Delay

01 Nov Delay management: calculating late passengers into the system

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A major source of unpredictability in air traffic management is passengers, specifically in the boarding process. Some experts estimate that 75% to 80% of delayed flights are due to passengers boarding late or not at all. The difficulty here is that those passengers are also the customers. It makes sense to consider passenger experience when developing air traffic management concepts to help manage delays.

If passengers need a certain flexibility, the air traffic management system should be able to deliver that.

Waits and delays

Announcements calling for passengers whose flights are closing to proceed to the gate immediately are familiar to anyone who has ever been in an airport. Many of those flights end up delayed because the passenger doesn’t show up and their luggage must be off-boarded. Waiting for missing passengers and off-boarding baggage is probably the most frequent reason for delayed departures.

Meanwhile, air traffic management systems are generally designed around pre-determined flight plans and timetables that air traffic controllers then fit into an overall air traffic plan. Whenever a flight changes because of these delays, the new plan must be added in all over again. This introduces instability and uncertainty into the air traffic management system.

Can’t we just fix the passengers

Imagining ways to reduce delays by stopping passengers from being late is a natural reaction to that uncertainty. Closing gates 15 minutes prior to departure and refusing later passengers, for instance, would allow more time to remove unaccompanied baggage.

However, this idea would also require all passengers to be at the airport 15 minutes earlier, which goes against efforts such as faster check-ins designed to decrease travel time lost waiting at airports.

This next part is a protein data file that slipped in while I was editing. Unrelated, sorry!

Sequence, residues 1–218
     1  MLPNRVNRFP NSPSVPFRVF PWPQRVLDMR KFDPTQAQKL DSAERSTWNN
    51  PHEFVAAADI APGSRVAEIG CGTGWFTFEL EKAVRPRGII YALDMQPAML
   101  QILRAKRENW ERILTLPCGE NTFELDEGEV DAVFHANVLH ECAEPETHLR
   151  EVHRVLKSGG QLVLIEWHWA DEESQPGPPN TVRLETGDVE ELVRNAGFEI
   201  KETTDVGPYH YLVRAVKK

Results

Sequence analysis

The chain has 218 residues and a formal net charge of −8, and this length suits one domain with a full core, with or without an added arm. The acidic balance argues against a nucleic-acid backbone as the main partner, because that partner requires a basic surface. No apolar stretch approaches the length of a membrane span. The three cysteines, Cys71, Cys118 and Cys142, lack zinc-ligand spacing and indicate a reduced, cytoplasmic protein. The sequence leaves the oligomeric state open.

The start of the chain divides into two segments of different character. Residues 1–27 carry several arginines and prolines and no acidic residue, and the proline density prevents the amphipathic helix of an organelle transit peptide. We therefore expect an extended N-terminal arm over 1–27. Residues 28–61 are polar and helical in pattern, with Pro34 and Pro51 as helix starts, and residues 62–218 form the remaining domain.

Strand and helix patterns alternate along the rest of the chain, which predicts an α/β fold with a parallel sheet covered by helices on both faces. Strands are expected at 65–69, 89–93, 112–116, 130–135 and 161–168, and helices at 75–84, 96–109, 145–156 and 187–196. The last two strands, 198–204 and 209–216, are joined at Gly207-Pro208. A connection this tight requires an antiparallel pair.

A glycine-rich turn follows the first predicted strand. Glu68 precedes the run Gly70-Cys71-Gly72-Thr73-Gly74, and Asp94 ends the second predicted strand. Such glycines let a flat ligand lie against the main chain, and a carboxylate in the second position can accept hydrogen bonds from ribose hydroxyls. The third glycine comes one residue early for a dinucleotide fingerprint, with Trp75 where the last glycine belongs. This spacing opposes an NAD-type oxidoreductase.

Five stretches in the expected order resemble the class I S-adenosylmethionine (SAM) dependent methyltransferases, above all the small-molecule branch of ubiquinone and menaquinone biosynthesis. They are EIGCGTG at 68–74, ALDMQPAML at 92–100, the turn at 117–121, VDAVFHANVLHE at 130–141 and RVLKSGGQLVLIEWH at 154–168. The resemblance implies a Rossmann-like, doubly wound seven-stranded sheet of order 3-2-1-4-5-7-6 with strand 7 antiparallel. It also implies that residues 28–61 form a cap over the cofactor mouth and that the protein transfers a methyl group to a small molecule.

Examining only the technical aspects is fine when designing for punctuality. But airlines are also concerned with the passenger experience and their preferences. Whether air travellers are willing to accept being at the airport even earlier in exchange for more punctual flights is highly debatable.

Integrating passenger uncertainties

We are currently working on various methods for integrating passenger behaviour data into systems, such as for gate planning in A-CDM, where departure times are continuously updated. Because our expertise covers both airside and landside, we now have the wider operational insights necessary to allow for passenger preferences as well as the effects of their behaviour. This is helping us to develop robust air traffic management systems where delays cause less disruption.

Even though including all the countless variations in passenger behaviour would be impossible, we can no longer afford to ignore them entirely. Through our work on uncertainty, we are now not only much better at determining where uncertainty could be eliminated or reduced, but we are also integrating more uncertainties as legitimate factors into algorithms (in A-CDM, AFOS) where they cannot. If passengers need a certain flexibility, the air traffic management system should be able to deliver that.

About To70. To70 is one of the world’s leading aviation consultancies, founded in the Netherlands with offices in Europe, Australia, Asia, and Latin America. To70 believes that society’s growing demand for transport and mobility can be met in a safe, efficient, environmentally friendly and economically viable manner. To achieve this, policy and business decisions have to be based on objective information. With our diverse team of specialists and generalists to70 provides pragmatic solutions and expert advice, based on high-quality data-driven analyses. For more information, please refer to www.to70.com.

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Maarten Tielrooij
Maarten Tielrooij
Maarten Tielrooij is aviation consultant with a focus on Data Science and Air Traffic Management. With 8 years experience in operational ATM he is familiar with both current operations and concepts under development. He is an experienced user of programming software, modeling and simulation techniques, large databases, and statistical techniques.
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